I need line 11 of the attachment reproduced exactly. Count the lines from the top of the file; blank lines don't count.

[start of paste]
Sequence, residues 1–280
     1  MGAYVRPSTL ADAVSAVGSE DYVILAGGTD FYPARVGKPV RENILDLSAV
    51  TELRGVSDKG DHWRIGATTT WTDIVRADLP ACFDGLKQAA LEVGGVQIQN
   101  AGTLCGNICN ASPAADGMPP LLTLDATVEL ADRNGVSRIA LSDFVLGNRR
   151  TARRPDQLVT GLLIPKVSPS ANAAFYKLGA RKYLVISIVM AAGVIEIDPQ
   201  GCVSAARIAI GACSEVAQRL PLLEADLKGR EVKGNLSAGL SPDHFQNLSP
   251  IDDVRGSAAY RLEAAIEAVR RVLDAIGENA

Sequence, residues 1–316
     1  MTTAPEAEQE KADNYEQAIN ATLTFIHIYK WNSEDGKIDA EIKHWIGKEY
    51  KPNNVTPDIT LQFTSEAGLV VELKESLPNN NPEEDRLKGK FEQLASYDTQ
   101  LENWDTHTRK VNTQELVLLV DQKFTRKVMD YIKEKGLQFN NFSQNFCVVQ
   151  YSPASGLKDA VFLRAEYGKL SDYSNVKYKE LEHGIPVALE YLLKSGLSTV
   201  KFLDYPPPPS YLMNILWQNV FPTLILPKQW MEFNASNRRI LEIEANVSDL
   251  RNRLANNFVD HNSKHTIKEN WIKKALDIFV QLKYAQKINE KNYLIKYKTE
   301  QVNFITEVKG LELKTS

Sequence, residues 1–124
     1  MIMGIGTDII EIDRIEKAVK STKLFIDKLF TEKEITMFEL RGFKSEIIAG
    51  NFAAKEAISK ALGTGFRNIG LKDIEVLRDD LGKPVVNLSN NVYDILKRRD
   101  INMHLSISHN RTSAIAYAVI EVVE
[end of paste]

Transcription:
   101  LENWDTHTRK VNTQELVLLV DQKFTRKVMD YIKEKGLQFN NFSQNFCVVQ